Outpatient healthcare use was found to increase after screening for all individuals who were screened for lung cancer, regardless of the screening finding. The cost of the lung-related visits alone was substantial. Therefore, if lung cancer screening prevalence is increased, attendant follow-up healthcare costs are also likely to increase.
Approximately 58% of participants had a negative screening result, 36% had an indeterminate result, and approximately 6% had a suspicious result. The percentage of individuals who had any incidence of each type of outpatient use increased after screening, with the greatest increase noted for those with a suspicious screening result. Adjusted mean use significantly increased for nearly all types of use and for all 3 screening results categories in the 6 months after screening, but mostly declined to prescreening levels in the next 6 months.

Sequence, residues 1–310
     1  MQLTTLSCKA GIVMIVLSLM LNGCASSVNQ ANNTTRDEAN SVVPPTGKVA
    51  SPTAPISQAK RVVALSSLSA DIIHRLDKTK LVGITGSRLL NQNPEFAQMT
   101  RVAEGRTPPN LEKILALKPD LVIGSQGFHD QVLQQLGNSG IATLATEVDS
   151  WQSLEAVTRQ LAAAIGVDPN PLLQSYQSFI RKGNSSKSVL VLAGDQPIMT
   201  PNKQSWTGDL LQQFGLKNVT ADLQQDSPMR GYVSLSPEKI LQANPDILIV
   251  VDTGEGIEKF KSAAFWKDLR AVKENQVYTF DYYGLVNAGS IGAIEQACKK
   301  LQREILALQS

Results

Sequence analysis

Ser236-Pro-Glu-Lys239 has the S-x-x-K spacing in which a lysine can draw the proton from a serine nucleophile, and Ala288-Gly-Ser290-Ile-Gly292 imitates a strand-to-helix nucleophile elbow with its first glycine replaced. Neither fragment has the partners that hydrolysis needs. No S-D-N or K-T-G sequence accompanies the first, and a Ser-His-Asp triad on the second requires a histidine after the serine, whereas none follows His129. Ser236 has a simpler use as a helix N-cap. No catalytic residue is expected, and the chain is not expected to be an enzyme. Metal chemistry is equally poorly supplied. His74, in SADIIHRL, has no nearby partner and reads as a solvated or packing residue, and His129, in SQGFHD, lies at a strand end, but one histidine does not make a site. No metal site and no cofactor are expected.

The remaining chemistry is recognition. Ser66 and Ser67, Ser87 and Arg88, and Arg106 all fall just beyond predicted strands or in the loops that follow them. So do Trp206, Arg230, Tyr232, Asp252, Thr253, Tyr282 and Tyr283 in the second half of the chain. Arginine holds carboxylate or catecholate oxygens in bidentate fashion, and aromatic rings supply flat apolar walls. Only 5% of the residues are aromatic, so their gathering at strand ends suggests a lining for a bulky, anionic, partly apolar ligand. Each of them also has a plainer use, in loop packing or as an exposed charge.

To evaluate the benefits of lung cancer screening, all effects of screening need to be considered. The aim of this study was to determine whether screening had an effect on healthcare use, specifically whether use increased for those with a false-positive or indeterminate screening result.
Recruited were 400 individuals participating in a lung cancer screening study at the University of Pittsburgh. Self-reported outpatient healthcare use information was collected for the 6 months before, 0 to 6 months after, and 6 to 12 months after screening. The screening outcomes were negative, indeterminate, and suspicious. Repeated-measures Poisson regression models were used to examine changes in use over time and how changes over time varied among the screening outcome groups.